Tuesday, 2 October 2012

Stiff upper lip

Some people love stoicism. They think it gets them safely through a crisis without being washed away in a flood of unhelpful emotions. I'm not so sure about that. It can equally mean suppressing yourself and wading through a load of crap.

Sometimes those so-called unhelpful emotions are exactly what you need. They alert you to what you really want and to the fact that other people are blocking you from getting it. They stop you putting up with things that aren't in your interests.

It seems stoicism and the stiff upper lip are quite recent British traits. Centuries ago we were renowned for being over-emotional and lacking self-control. In fact it was considered essential in the best social circles. Gradually it became fashionable to control your feelings, grit your teeth and take whatever was thrown at you.

But why should we take anything that's thrown at us? Why should we put up with awful working conditions, or domestic violence, or relentless bullying in the name of stoicism and "not letting it get you down"?

Yes, there are times when a bit of self-control is necessary if you want to keep your job or save a relationship. But at other times letting go of your emotions is the best way to protect your self-esteem and stop other people trampling all over you.

I could have been stoical about the way my father insulted me and belittled me, even as a mature adult. Instead I kept away from him and refused to let him treat me badly. I didn't speak to him for years. But I kept my dignity and belief in myself.

I could have been stoical about the boss who persecuted me for a minor lapse in time-keeping. When he dragged me through a disciplinary hearing, I fought him every inch of the way. He still got what he wanted but I felt so much better for having challenged him.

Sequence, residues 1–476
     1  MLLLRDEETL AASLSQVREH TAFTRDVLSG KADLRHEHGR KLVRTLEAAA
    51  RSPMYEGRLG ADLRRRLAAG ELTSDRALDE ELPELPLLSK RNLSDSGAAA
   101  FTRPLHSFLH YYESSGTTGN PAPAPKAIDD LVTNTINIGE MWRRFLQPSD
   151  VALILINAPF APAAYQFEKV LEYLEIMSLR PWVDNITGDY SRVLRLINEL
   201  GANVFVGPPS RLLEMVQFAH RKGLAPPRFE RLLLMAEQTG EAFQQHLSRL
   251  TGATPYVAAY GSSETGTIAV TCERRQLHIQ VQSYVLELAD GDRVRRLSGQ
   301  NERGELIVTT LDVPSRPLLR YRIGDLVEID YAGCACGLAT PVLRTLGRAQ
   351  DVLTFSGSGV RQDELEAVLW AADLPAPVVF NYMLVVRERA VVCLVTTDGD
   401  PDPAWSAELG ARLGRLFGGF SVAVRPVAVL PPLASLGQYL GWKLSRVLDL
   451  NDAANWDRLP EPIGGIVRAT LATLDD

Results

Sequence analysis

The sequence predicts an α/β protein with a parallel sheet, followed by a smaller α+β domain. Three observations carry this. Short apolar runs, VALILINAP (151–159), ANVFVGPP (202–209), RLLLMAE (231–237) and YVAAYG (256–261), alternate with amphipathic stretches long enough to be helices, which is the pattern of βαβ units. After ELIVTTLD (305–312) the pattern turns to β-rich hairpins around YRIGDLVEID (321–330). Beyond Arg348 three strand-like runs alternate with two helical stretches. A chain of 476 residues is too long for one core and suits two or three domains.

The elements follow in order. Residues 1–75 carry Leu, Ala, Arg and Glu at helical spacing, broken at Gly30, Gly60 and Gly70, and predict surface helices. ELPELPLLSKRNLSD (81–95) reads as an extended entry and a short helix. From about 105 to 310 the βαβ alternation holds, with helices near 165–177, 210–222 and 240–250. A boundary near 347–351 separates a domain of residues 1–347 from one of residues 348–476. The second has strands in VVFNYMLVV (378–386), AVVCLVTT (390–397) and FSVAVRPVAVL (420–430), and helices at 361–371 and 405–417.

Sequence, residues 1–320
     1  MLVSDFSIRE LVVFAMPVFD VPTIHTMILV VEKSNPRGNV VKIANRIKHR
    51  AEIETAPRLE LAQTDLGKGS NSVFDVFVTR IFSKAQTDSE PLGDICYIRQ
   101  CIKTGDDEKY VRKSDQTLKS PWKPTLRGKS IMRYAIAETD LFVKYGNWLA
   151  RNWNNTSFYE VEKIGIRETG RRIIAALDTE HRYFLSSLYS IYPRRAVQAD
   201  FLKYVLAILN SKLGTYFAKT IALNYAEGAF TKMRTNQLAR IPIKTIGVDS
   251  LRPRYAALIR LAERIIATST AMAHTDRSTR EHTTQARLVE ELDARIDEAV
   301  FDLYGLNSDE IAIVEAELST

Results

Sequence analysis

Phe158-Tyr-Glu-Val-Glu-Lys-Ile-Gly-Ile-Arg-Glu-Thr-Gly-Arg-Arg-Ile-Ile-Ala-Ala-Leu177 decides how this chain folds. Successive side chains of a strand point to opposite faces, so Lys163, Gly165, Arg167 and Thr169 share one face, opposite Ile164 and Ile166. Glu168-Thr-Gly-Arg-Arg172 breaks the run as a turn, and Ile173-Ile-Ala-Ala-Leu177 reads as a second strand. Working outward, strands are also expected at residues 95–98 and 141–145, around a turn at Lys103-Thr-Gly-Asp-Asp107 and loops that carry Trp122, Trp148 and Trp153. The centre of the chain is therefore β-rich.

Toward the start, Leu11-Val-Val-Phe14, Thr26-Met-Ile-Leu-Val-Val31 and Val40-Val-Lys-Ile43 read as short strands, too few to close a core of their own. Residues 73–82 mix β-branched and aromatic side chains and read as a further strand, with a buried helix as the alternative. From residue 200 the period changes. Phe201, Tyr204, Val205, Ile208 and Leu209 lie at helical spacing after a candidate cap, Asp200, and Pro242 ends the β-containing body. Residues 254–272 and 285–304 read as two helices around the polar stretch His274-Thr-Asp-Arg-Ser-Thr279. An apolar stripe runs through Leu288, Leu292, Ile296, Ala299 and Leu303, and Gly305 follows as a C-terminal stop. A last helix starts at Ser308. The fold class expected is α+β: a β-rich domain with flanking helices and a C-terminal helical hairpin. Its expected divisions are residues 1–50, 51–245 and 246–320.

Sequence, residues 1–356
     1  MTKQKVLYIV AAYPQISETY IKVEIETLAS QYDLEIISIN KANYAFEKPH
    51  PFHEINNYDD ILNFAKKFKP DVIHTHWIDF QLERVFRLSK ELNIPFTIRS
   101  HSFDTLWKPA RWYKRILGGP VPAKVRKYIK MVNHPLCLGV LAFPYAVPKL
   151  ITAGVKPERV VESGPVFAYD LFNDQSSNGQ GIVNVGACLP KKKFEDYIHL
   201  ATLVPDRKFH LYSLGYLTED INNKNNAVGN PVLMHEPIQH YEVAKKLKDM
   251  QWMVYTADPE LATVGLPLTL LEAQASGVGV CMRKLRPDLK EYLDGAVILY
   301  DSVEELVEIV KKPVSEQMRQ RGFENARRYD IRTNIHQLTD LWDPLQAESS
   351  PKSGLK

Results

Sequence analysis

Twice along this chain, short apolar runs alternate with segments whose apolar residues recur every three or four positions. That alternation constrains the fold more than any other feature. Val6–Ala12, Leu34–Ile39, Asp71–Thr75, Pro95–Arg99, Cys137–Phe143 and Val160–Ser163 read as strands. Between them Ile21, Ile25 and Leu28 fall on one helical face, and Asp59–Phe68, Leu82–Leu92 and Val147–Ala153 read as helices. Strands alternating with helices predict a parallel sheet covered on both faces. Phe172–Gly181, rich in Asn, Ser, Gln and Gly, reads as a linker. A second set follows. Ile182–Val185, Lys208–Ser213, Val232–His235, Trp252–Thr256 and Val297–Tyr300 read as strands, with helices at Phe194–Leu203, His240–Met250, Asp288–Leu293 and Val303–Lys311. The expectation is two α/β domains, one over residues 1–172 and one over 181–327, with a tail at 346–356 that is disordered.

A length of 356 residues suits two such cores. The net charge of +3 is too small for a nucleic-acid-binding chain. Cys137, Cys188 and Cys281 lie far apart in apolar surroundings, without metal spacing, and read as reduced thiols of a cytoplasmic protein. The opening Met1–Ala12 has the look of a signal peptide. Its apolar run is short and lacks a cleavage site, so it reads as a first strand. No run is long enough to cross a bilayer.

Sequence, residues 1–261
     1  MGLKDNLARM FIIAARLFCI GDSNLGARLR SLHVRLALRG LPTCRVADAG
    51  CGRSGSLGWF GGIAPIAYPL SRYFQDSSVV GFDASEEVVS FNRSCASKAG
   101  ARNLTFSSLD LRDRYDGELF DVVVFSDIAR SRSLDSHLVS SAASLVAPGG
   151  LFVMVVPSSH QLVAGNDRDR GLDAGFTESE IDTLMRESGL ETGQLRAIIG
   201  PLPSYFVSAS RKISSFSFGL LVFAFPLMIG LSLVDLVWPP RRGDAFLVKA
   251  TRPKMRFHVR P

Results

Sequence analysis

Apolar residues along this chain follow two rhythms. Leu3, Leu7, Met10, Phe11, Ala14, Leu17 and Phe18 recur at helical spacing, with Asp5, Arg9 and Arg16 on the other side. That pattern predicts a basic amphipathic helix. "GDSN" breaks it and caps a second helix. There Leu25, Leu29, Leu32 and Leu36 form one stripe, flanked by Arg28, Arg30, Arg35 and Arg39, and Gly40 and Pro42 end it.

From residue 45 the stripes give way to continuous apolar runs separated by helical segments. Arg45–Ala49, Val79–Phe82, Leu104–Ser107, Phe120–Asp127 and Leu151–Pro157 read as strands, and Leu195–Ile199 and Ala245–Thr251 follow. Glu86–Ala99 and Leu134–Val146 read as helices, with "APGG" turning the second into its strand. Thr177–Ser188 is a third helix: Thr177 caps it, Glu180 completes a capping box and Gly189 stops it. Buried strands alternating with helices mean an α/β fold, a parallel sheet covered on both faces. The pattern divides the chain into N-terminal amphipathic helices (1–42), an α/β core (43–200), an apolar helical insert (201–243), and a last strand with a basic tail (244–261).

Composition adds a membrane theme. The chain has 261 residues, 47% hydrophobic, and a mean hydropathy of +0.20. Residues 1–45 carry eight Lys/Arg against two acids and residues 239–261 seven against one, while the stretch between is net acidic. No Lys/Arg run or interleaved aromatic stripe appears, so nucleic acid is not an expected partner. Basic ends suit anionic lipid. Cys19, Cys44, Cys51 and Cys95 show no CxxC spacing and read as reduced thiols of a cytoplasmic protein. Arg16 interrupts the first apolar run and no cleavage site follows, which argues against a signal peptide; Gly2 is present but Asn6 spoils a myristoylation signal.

Now and again I come across people who seem to have spent their entire lives being stoical - passively enduring dreadful jobs, tyrannical spouses, contemptuous children and interfering neighbours. And what good has it done them? They've let their identity be crushed and trodden-on and ended up an apologetic shadow of their true self. They've been all too willing to let the bastards grind them down.


  1. "It seems stoicism and the stiff upper lip are quite recent British traits"

    I just watched a re run of today's Jeremy Kyle!

  2. John: I've never watched Jeremy Kyle, but I gather he's notorious for provoking his guests into emotional and physical outbursts. No, not much stoicism there!

  3. I have a stiff upper lip, but it is due to nerve damage. Hopefully it won't last forever.

    I may well have let people walk on me down the years, but now I stand up for myself and if they persist, just I walk away and leave them without a target.

  4. Grannymar: Oh yes, I hope your lip soon recovers.

    Glad to hear you stand up for yourself - or walk away. Why indulge people who don't appreciate us?

  5. I will bear things endlessly...

    ...but not quietly.

    I guess that isn't stoicism, is it.

  6. Leah: Definitely not. Bearing it but complaining loudly sounds like a healthy response to me.

  7. I exited from the home of a tyrant too Nick, the only way I could beat him was to refuse to speak to him.

    I suppose that was defiance, the only weapon I had as a dependent.

    I do believe it has lasting effects on our behaviour with others, though.

    No I'm not stoic, I know far too many who are and I feel sorry for them.

    I like how you worded it.


  8. www: Yes, so you know what it's like to have an overbearing father. But as you say, the effects of that sort of emotional rupture do seep out into other relationships.

  9. I saw Ian Hislop on the One Show last night... he said that the British only developed a stiff upper lip so as not to be like the French. Apparently before our scuffles with Napoleon we were all touchy-feely.
    I might watch Hislop's programme on iPlayer.

    Guardian review

    Me... I like a good rant.


  10. Scarlet: It was the Ian Hislop programme that got me thinking about this. But I thought the French had their own equivalent of the stiff upper lip - sangfroid?

  11. I think being stoic is appropriate in a public place in some circumstances, if the matter can be hashed out later in private. But that certainly doesn't mean you allow someone to walk all over you.